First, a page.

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Economic Consequences of Globalization

Evidence from East Asia

Edited by Shujiro Urata, Hee Hahn Chin, Dionisius Narjoko

Routledge – 2012 – 256 pages

Series: Routledge-ERIA Studies in Development Economics

Purchasing Options:

  • Add to CartPaperback: $54.95
    978-0-415-70518-9
    March 20th 2014
  • Add to CartHardback: $160.00
    978-0-415-68642-6
    April 12th 2012

Description

Economists have long recognized the gains from international trade. The question is, does international trade – or more broadly, globalization – increase growth? Notwithstanding the debates, there are still many questions, old and new, need to be explored in order to improve our understanding on various aspects of globalization, including its consequences. This book addresses some of these questions, utilizing micro datasets of some East Asian countries. The focus on East Asia is particularly interesting for the reason that most of these countries have relatively more opened economy and experienced a rapid de facto integration quite recently.

The book puts forward questions which are related to the relationship between globalization on the one hand, and firm performance, activities, or characteristics, on the other. The chapters draw recent theoretical framework from the relevant literatures, and then empirically test - mostly by econometric analysis – the hypotheses on these relationships. The extent or magnitude of the globalization impact is also demonstrated by the means of descriptive analysis. Finally, there are useful insights for policy decision-makers to be drawn from the empirical results.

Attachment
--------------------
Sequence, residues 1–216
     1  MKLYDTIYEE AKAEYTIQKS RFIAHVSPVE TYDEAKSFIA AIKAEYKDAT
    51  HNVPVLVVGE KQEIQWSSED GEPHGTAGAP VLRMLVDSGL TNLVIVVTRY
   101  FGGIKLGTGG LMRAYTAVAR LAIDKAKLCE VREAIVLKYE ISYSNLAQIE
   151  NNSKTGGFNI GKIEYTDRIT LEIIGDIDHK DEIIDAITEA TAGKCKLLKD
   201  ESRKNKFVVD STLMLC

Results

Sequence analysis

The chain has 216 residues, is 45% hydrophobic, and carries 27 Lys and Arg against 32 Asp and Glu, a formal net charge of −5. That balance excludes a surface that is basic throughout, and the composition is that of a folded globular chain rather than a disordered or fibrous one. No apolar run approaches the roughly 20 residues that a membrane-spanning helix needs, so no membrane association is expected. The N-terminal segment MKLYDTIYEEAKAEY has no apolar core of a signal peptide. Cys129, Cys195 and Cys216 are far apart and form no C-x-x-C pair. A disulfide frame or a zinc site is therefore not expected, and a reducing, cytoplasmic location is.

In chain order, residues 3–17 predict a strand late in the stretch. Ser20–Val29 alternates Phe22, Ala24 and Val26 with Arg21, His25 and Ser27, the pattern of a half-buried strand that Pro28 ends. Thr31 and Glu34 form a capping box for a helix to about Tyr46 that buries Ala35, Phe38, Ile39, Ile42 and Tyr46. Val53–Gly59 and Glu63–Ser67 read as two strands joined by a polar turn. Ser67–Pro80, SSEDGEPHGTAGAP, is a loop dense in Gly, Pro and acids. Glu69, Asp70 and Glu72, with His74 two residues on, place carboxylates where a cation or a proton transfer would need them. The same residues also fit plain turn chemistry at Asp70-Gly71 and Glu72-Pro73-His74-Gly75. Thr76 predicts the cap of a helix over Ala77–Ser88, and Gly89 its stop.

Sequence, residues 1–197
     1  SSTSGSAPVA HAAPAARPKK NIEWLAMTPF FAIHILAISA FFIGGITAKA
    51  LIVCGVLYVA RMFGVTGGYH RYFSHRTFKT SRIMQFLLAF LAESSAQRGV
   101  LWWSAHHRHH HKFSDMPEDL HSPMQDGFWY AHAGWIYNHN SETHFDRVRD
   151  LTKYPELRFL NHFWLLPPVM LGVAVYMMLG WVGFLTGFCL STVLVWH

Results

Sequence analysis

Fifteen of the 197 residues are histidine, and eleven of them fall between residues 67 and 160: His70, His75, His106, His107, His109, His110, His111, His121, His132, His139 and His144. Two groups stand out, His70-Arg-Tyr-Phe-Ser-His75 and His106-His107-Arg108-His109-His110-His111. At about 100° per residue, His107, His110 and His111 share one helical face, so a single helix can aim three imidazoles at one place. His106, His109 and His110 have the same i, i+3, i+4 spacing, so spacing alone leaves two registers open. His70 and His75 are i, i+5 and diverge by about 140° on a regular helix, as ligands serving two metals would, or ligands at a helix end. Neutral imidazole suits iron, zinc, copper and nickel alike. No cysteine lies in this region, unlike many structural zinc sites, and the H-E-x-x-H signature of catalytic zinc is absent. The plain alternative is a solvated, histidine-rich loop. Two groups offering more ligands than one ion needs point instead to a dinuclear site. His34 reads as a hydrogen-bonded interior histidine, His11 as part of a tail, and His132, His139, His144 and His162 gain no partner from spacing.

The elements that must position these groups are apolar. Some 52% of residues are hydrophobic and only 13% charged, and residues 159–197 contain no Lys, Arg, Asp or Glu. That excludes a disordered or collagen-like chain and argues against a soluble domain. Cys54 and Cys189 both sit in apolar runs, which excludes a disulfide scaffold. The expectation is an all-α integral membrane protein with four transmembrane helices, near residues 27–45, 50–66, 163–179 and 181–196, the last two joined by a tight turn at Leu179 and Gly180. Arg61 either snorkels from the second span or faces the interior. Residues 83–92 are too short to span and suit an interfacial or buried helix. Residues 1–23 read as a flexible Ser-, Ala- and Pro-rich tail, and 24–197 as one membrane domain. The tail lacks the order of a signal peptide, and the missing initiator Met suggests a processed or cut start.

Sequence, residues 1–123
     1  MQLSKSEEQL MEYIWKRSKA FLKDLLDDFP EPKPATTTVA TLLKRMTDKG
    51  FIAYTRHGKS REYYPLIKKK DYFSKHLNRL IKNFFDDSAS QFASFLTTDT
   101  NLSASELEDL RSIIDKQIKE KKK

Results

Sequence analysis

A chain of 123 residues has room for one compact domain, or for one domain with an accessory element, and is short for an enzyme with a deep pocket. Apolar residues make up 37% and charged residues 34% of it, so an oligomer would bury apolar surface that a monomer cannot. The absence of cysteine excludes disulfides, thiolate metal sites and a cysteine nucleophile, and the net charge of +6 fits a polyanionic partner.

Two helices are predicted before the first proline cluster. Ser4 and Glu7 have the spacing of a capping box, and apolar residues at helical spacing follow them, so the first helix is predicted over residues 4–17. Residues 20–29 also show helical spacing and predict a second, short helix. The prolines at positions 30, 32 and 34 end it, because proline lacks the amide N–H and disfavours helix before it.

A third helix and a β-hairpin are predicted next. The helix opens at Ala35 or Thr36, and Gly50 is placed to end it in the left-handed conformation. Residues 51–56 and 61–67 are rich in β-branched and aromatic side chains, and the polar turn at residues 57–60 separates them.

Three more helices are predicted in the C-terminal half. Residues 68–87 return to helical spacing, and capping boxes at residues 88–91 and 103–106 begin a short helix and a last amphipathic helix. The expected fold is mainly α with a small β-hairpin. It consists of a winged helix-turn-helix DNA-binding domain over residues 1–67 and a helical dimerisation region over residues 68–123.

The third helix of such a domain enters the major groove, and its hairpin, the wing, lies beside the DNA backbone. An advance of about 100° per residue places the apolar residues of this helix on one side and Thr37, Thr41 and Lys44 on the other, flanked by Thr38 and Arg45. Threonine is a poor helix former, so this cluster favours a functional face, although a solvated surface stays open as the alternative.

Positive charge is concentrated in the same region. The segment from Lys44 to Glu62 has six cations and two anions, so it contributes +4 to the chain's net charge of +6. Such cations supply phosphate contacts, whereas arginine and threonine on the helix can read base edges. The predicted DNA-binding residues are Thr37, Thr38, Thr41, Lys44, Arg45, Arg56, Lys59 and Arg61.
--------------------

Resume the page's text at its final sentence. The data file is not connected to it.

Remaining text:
The book presents rigorous empirical analysis based on recent theoretical framework in international economics, focusing on the highest growing region in the world. The use of micro-data analysis – a key feature of this book – gives us much richer information on various issues of globalization. This book, therefore, should be of the interest to scholars and postgraduate students of international economics, development economics, and East Asian economics.

Contents

1. Introduction Shujiro Urata, Chin Hee Hahn and Dionisius Narjoko 2. Learning-by-Exporting in Korean Manufacturing: A Plant-Level Analysis Chin Hee Hahn and Chang-Gyun Park 3. Trade, Productivity and Innovation: The Case of Malaysia Cassey Lee Hong Kim 4. Does Trade Protection Improve Firm Productivity? Evidence from Philippine Micro Data Rafaelita Aldaba 5. Impact of Trade and Investment Liberalization on Productivity in Organized Manufacturing in India Ram Upendra Das 6. Policy Reforms, Firm Entry, and Labor Productivity Change: Learning from Vietnamese Manufacturing Dionisius Narjoko 7. The Source of Production, Employment and Productivity in Indonesia Haryo Aswicahyono and Teguh Yudo Wicaksono 8. Vertical and Horizontal FDI Technology Spillovers: Evidence from Thai Manufacturing Archanun Kohpaiboon 9. The Role of Market Potential in Location Choice: Evidence from Japanese Investment Toshiyuki Matsuura and Kazunobu Hayakawa 10. Import-as-Market Discipline Hypothesis: Evidence of Thai Manufacturing Sector Archanun Kohpaiboon